Northern State Governors’ Forum (NSGF) Chairman, Dr. Babangida Mu’azu Aliyu of Niger State
By Chuks Okocha
Opposition to the reworked Petroleum Industry Bill (PIB) is gathering ahead of its consideration by the National Assembly as critical stakeholders pick holes in the bill President Goodluck Jonathan submitted to the National Assembly in July.
A panel set up by Northern governors to advise them on the implications of the PIB on the geopolitical zone’s economy has kicked against some clauses in it.
One of the oil majors, Shell Petroleum Development Company (SPDC), has also expressed concern that the bill, if passed into law in its current form, could stifle offshore oil and gas projects.
The National Assembly is expected to start debating the bill in the next few weeks and if passed, the bill should end years of regulatory uncertainty that has blocked billions of dollars of investment.
The PIB is meant to change everything from fiscal terms to overhauling the state-owned Nigerian National Petroleum Corporation (NNPC).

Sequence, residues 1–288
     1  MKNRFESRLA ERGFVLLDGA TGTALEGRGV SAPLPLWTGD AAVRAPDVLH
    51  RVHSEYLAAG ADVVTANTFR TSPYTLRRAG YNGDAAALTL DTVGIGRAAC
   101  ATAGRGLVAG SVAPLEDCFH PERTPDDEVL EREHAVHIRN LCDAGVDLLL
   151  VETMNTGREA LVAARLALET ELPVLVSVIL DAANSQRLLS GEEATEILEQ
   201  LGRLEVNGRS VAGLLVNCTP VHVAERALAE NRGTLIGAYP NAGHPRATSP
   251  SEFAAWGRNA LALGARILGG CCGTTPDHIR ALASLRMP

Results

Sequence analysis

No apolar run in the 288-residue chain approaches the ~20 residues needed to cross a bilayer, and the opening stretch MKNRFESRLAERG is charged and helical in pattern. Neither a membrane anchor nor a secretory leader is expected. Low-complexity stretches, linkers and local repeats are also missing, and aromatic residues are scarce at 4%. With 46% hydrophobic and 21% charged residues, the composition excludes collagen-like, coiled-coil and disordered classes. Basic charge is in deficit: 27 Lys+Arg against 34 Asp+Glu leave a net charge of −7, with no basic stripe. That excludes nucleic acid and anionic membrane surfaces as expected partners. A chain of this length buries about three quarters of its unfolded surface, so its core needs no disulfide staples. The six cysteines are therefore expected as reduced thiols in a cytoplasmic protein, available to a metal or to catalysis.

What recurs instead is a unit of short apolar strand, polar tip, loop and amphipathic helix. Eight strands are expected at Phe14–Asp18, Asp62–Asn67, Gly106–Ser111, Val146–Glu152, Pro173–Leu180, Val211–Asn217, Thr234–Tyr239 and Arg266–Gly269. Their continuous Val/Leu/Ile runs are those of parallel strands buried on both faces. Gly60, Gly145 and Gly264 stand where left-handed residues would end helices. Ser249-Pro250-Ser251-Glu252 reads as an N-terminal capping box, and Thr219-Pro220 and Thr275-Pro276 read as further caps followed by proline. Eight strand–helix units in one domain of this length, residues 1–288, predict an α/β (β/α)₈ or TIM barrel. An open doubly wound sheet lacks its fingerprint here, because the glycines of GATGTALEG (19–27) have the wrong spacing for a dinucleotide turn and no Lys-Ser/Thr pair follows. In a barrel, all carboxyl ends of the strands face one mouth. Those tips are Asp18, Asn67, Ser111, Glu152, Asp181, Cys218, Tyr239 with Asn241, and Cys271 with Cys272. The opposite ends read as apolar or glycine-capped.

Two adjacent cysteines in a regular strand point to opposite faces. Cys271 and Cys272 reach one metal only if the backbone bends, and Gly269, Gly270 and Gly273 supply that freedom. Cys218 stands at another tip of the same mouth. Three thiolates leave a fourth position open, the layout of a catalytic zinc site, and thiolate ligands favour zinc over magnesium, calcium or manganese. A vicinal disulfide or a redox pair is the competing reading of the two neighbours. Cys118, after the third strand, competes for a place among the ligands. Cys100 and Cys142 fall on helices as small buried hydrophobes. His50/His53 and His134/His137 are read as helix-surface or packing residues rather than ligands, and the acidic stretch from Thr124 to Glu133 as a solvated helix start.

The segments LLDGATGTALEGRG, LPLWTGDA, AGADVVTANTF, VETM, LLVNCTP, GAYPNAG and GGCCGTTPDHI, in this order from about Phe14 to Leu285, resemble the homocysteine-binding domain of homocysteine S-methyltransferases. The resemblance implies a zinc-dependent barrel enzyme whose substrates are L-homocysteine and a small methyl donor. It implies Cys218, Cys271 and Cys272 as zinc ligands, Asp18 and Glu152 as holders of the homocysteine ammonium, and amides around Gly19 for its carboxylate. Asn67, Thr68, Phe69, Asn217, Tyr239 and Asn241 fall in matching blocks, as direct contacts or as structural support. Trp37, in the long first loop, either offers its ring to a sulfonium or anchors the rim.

Its comprehensive nature caused disputes between lawmakers, ministers and the oil majors that have held it back for more than five years, a development that stalled the passage of the first draft of the bill presented to the legislature in 2008.
The Northern governors’ panel is opposed to some clauses in the revised PIB, which it said are not in the interest of the region’s economy, drawing the governors’ attention to the fact that the new PIB is detrimental to oil exploration in the North.
The panel, in a preliminary report submitted to the Northern State Governors’ Forum (NSGF) Chairman, Dr. Babangida Mu’azu Aliyu of Niger State, recommended that lawmakers from the North in the National Assembly should be lobbied to insist on the inclusion of the needed clauses that would safeguard the North’s economy and guarantee further oil exploration in the area.
The Northern governors, after a meeting in Abuja on August 22, had set up the eight-member committee, headed by the Director General of the Infrastructure Concession Regulatory Commission (ICPC), Mansur Ahmed, an engineer and a retired group executive director of NNPC, to advise them on the bill and its effects on the people and economy of the area.